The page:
A man from Boston, Massachusetts, has been jailed for 17-years for a range of cyberstalking campaigns after his VPN handed over user logs which detailed his online activity.
This case, however, has blown that claim out of the water after prosecutors confirmed that PureVPN handed over detailed information about Lin’s online activity and permanent IP Addresses, which helped prosecutors force a guilty plea in the face of overwhelming evidence.
The case of Ryan Lin
In April, Lin pleaded guilty earlier this year to seven counts of cyberstalking, nine counts of making hoax bomb threats, five counts of distribution of child pornography, three counts of computer fraud and abuse, and one count of aggravated identity theft.
This week, he was jailed for seventeen years with an additional five years of supervised release. The crimes for which Lin was convicted were deeply unpleasant and, on a personal level, he is likely to receive very little sympathy.
He admitted to hacking into the online accounts of a female housemate and sharing deeply personal private information about her medical and sexual history, including the fact that she had had an abortion, as well as naked photos, with hundreds of people who knew her.
Lin also targeted the woman with anonymous messages, hoaxes, and created numerous fake online profiles in her name soliciting various sexual fantasies which caused unknown men to turn up at her home.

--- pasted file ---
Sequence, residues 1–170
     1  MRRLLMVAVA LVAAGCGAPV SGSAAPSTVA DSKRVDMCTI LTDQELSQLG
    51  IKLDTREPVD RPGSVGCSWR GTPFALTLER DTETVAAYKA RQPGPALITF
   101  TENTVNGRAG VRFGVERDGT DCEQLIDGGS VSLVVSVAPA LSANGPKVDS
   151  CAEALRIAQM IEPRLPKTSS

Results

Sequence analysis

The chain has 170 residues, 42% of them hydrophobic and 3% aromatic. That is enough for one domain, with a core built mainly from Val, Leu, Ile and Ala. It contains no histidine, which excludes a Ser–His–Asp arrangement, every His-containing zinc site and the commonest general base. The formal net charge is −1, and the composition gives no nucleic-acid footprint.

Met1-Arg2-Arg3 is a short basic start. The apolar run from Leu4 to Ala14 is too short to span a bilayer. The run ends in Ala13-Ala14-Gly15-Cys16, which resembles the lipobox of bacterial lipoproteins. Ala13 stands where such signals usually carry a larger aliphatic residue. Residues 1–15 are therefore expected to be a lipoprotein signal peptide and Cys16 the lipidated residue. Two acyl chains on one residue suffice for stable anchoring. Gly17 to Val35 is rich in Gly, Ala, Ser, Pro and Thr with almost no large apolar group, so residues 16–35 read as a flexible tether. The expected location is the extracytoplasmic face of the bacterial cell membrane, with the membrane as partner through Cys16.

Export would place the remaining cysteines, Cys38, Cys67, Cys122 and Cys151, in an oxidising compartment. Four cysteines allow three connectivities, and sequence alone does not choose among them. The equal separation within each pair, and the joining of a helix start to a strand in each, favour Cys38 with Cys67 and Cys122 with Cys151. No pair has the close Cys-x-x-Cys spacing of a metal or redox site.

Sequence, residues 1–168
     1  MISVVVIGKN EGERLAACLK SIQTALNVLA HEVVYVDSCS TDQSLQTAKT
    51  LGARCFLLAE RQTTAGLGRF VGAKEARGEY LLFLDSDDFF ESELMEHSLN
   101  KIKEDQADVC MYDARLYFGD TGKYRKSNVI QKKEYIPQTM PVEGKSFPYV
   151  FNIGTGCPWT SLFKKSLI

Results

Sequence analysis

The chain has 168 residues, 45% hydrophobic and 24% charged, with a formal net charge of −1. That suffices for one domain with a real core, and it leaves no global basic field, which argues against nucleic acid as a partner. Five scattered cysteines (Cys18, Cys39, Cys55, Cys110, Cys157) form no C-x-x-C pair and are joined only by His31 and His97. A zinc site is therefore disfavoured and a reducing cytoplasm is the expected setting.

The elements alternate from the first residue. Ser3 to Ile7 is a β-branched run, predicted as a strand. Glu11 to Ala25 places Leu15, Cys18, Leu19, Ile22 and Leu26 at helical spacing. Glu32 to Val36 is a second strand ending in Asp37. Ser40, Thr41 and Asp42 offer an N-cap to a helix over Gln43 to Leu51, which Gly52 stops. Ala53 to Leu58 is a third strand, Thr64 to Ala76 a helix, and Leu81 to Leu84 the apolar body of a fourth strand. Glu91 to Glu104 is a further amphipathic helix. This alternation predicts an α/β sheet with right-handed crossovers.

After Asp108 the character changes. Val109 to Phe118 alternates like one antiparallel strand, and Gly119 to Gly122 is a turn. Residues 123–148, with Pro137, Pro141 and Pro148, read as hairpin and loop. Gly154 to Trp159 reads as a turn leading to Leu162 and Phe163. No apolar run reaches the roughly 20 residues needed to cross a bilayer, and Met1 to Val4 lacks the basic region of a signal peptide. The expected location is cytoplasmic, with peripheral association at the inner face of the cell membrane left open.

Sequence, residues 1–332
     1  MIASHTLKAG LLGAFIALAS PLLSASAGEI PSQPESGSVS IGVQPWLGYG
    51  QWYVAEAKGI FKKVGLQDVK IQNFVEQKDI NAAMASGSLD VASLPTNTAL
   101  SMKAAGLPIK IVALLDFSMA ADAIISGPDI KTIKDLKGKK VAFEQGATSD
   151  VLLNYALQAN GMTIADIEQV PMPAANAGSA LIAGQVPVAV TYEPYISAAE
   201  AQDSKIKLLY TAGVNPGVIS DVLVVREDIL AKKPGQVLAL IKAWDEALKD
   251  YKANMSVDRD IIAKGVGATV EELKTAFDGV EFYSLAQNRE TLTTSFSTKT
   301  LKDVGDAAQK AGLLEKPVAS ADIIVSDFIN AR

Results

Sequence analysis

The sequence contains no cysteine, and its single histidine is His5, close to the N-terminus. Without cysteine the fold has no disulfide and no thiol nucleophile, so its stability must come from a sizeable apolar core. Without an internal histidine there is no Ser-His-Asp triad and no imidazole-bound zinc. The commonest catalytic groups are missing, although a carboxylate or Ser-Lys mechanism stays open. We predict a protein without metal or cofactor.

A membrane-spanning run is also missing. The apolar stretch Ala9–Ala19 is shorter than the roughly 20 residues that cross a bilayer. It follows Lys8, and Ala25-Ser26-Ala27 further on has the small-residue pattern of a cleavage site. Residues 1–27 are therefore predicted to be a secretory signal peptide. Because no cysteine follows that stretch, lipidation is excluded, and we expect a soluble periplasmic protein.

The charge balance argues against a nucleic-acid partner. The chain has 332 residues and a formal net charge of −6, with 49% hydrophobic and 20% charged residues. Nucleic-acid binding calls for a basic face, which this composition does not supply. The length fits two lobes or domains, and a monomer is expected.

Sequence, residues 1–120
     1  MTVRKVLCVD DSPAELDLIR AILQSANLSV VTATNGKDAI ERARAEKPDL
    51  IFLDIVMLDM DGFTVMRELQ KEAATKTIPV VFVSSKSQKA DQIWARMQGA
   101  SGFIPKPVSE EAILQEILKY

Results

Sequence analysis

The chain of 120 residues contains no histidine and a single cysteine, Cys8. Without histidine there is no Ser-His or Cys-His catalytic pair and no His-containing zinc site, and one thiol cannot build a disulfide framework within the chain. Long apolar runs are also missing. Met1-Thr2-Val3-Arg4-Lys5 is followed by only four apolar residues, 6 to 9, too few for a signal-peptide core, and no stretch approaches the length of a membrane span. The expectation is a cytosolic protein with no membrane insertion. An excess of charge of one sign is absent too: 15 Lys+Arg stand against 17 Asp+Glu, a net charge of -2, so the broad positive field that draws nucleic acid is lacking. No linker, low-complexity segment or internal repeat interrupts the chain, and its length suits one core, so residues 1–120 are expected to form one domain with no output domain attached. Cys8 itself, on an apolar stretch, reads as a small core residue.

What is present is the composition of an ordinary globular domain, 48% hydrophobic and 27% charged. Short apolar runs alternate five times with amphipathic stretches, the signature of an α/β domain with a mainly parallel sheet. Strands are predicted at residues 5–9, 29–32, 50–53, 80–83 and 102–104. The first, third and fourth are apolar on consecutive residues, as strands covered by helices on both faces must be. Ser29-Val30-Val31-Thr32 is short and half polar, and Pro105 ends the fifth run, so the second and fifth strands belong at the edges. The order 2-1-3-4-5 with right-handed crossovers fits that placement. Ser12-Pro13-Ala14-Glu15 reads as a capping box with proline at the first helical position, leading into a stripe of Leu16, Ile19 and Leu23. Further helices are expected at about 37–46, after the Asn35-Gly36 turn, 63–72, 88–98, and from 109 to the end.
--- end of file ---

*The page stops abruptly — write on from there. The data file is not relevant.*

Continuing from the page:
He also admitted undertaking other cyberstalking campaigns against six other women, which included sharing child porn images and making hoax bomb threats against homes, schools, and businesses.
How PureVPN handed over user logs to the FBI
Without a doubt, Lin deserves his sentence for his heinous crimes, but it is the manner by which the FBI came about their evidence which is the biggest takeaway from the story.
As we reported last year, case documentation proved beyond doubt that PureVPN had not only retained details of Lin’s online activity but had also willingly handed these details over to the FBI.
This included details of what Lin was doing online, which Gmail accounts he was accessing, and confirmation of the original IP Addresses being used by his PureVPN account.
We have approached PureVPN for comment but they have not commented at the time of publishing. If they do respond, we will update this article accordingly.
What this means for VPN users
We would never recommend that anyone uses a VPN to try and hide illegal activity. But when people sign up for a VPN which claims to keep no user logs, they are entitled to think that they can trust that claim.
With PureVPN, this is now demonstrably not the case and it would be advisable for any VPN users who want to ensure privacy online not to choose PureVPN as their provider.
We would, however, caution against using this story to attack all VPNs. PureVPN may have been caught out, but that doesn’t mean that every other VPN is guilty of breaching user trust in the same way.
Nevertheless, they are not the only well-known provider which has been either proven or accused of logging and handing over user data, so it is important to seek out a reliable and trustworthy VPN if you want to stay private online.
Our top recommendations for a reliable and trustworthy VPN are ExpressVPN and NordVPN. Both are located offshore in countries which do not require the retention of any type of user data. This means that when ExpressVPN and NordVPN say they keep no user logs, they mean it.
They also both use shared IP Address. This means there are multiple users connected to the same IP Address and, even if they did want to keep user logs, identifying which user is connecting to which site would be extremely difficult.
To find out more, take a look at our guide to the 5 Best Alternatives to PureVPN and 5 features to consider about a VPN provider after PureVPN cyberstalking case.